THE grand promise to purge the KP government of corruption could turn out to be a mere political ruse to get rid of unwanted allies. The PTI has thrown out the two KP ministers belonging to the Qaumi Watan Party ending an uneasy and short-lived partnership. The QWP is determined to not go out quietly, and there are some who point out that the real reason for the split could be the difference of opinion on political issues rather than allegations of corruption. It may be no coincidence that the parting of ways came just a week before the PTI’s scheduled blocking of the Nato supply route. Even though the truth is difficult to get to amid a plethora of allegations and counter-allegations, opposition to the Nato blockade by a coalition partner, the QWP, could have made it awkward for the PTI-led government. Imran Khan appears to be confident he has the numbers on his side in a house in which the PTI has 53 members out of a total strength of 124. But the mathematics apart, his praise for the JI ministers following the QWP sacking is reflective of his desire to be with ideologically compatible friends.

When Imran Khan made the pledge to dismiss corrupt ministers earlier this week, questions were raised as to how he could assign the job to Chief Minister Pervez Khattak. As the head of the cabinet, Mr Khattak had been tasked to carry out an exercise that could stigmatise his government. Still, principally, Mr Khan’s statement was hailed. So much so that the more hopeful in the crowd hastily celebrated it as, even if partial, fulfilment of the PTI’s flaunted dream for change. That hope has since been tempered by the demands of realpolitik and the much-trumpeted campaign against corruption is liable to be seen as discriminatory. The PTI might ultimately move to inspect and clean up its own stables, but that’s for the future. For the moment it must brace itself for a counter-attack projecting it as an agent of no-change dressed in pious clothing.

More From This Section

Life without dignity

CAN a family survive with dignity on the minimum wage of an unskilled worker, asked the Supreme Court on Monday in...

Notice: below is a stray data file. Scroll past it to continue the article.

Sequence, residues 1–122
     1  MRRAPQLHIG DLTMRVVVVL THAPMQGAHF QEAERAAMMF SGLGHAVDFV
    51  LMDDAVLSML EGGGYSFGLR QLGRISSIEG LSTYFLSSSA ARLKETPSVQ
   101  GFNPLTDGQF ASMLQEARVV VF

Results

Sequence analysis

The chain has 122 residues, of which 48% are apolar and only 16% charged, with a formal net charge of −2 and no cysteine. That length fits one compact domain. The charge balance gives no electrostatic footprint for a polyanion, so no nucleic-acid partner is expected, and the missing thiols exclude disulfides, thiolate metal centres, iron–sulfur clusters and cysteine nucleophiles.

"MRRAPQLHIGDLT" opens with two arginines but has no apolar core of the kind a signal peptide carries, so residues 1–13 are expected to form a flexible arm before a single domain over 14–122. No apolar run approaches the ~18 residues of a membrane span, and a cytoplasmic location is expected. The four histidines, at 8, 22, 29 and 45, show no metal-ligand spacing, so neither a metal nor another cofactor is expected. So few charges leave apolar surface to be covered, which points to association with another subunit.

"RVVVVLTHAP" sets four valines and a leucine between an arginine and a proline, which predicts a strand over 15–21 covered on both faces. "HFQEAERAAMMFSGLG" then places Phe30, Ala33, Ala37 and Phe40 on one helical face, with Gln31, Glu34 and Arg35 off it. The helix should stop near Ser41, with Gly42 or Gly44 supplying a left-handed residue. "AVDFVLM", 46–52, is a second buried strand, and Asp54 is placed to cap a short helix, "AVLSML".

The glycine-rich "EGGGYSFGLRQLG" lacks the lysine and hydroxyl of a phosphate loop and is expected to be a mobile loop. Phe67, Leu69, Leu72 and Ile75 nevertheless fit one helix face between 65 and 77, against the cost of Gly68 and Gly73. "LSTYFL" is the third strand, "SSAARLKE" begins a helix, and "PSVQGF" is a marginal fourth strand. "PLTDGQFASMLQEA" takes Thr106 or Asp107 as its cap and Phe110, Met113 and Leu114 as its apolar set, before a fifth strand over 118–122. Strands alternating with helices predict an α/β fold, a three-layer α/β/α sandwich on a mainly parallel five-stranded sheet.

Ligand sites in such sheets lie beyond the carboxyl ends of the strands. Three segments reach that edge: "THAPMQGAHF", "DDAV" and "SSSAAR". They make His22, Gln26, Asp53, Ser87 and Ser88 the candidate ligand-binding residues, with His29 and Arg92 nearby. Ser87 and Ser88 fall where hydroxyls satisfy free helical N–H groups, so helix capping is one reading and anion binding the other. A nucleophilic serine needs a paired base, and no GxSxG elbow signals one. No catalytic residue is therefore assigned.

One-way ‘talks’

IN the ebb and flow of negotiations between the federal government and the outlawed TTP, the government appears to...

Parveen Rehman case

MANIPULATION has been found written all over the Karachi police’s tackling of the murder of Parveen Rehman, the...

Conspiracy theories

NOTHING ever changes in Balochistan it seems. On Sunday, Sanaullah Zehri, senior provincial minister, expanded on...

Comments are closed.

Comments (5)

November 15, 2013 5:35 pm

Alas! we'll never learn to appreciate. Even the DAWN, which is, perhaps, the only rational voice in the media of our country cannot free itself from the conspiracy-manufacturer-culture of ours. Breaking a partnership and putting your own government in jeopardy just because QWP was not willing to join in the sit-in?? The stance that QWP took makes it very obvious that the problem was ongoing; despite the warning issued by PTI more than once QWP supported their corrupts.

November 16, 2013 2:12 am

The editorial is highly biased and clearly shows how partisan the paper in reality is. In the backdrop of astronomical corruption in the country which has destroyed the society, I wound have thought that an anti-corruption step would have been appreciated. But seems like hitting the ideological opponents is more important for Dawn than backing the truth. What a shame for a paper who claims leadership in Pakistani press.

Sajid Kamal
November 16, 2013 2:55 am

Sir try to appreciate the good things done by the PTI government, believe it or not but QWP is involved in corruption please don't try to drag the other issues into this. I would suggest you to got to the northern parts of KPK area and conduct a survey about the two QWP ministers, especially about the smuggling of precious wood being smuggled to Afghanistan. Malik Ibrar Hussain is a timber smuggler and several cases have already been filed against him. Its crystal clear case, you don't have to make it a conspiracy theory.

Riaz Ahmad
November 16, 2013 9:56 am

No matter what you say, in this corrupt nation, at last there is a constant and consistent voice against corruption. Before the rise of IK and his PTI, the word corruption was never uttered in parliament or the corridors of power. In so far as media and new papers were concerned, corruption was a neglected issue as if not really relevent as a issue haunting the nation.

November 16, 2013 8:42 pm

I wouldn't be surprised if soon the PTI itself will split into two parties -- one headed by steady Umer Asad and the original by an increasingly rabble rousing Imran Khan.

Explore: Indian elections 2014
Explore: Indian elections 2014
How much do you know about Indian Elections?
How much do you know about Indian Elections?
Front Page